"Shade-grown" can refer to a monoculture of canopy trees with no bromeliads and virtually no diversity--that totally sucks when you're looking for juicy bugs and good hiding and sleeping places!

So if you're a human, PLEASE buy genuine, certified Bird Friendly coffee. If you can't find it in your neck of the woods, you can order it directly from Birds & Beans. It's the right thing to do.

Tuesday, September 22, 2009

Holy crap! THIS is sobering!

Sandhill Crane
Originally uploaded by Laura Erickson
You know how Google puts those context ads on the side of some pages, hoping you'll click? Well, I was helping my Whooping Crane buddy post the previous blog post, and lo and behold there was a link to "Crane Hunting." Oh, man--I thought it was going to be filled with leads on where Whoopers could find blue crabs and where I could hunt for the most succulent tubers. My heart leapt--and I clicked.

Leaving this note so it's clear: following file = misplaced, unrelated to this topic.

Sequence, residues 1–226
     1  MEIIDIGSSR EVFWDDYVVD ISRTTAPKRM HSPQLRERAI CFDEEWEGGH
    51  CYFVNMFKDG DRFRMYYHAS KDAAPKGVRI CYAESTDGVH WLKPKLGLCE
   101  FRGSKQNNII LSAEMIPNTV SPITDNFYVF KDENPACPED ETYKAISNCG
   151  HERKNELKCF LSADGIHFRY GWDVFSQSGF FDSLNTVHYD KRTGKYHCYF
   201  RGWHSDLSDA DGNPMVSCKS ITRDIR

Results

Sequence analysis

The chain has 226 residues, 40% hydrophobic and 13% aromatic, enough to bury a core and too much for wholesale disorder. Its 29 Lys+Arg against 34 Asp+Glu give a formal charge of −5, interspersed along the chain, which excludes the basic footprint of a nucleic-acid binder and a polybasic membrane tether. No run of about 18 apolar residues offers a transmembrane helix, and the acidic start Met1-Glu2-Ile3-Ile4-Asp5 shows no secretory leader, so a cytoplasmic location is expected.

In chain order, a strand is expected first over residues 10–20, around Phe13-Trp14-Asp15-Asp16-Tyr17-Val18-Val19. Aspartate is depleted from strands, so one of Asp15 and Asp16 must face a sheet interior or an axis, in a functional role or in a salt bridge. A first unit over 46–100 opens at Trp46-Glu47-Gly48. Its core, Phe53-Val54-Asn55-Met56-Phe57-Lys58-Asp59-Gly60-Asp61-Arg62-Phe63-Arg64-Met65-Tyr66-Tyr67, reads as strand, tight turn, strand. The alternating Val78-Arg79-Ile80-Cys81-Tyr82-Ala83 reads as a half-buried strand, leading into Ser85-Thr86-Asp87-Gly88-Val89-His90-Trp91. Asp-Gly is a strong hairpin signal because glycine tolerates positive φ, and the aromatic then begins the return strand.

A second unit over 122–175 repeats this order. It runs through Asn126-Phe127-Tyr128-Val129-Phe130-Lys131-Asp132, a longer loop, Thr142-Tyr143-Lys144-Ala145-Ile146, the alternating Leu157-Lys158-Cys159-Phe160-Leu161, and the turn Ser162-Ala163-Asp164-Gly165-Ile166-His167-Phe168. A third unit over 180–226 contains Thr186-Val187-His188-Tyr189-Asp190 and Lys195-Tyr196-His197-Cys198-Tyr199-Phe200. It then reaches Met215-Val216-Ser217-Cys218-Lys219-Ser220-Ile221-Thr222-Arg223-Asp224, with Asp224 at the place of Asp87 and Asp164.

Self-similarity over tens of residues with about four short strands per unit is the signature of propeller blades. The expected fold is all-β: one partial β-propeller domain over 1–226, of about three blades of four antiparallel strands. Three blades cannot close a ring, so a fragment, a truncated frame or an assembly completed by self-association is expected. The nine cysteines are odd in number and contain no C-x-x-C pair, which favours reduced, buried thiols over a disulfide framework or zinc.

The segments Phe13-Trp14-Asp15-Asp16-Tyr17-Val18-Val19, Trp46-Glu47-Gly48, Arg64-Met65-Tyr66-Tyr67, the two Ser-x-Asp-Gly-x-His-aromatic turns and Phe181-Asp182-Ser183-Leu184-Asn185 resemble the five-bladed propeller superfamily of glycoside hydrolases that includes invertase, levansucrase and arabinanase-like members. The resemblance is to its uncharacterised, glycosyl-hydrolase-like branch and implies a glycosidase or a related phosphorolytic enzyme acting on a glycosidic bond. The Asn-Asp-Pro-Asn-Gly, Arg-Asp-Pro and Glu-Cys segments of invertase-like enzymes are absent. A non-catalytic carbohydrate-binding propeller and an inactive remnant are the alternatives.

Oh, NOOOOOOOOOOO! I felt just like poor Mr. Bill, knocked flat, when I saw what it was linking to. A page with "human" beings (ahem--where DID the word "humane" originate?) each holding not just one, but two or more dead Sandhill Cranes in their grubby paws, killed in what is called a "canned hunt." Every one of those dead birds with some poor widow or widower flying about, utterly bereft, all so people can have what? A photo op showing a bunch of them with way more than they can eat. They looked like the worst sort of rapacious killers--I mean, not even weasels and raccoons kill so many at one time! The advertiser was exulting not in providing a quality experience out of doors with nature and beauty, but a shooting fest where they practically guarantee that hunters will not just get one crane, but get the legal limit, "beverages included."

Human hunters are each allowed by U.S. and Texas law to kill up to three cranes every day, and up to six total. Remind me to stop migrating through Texas!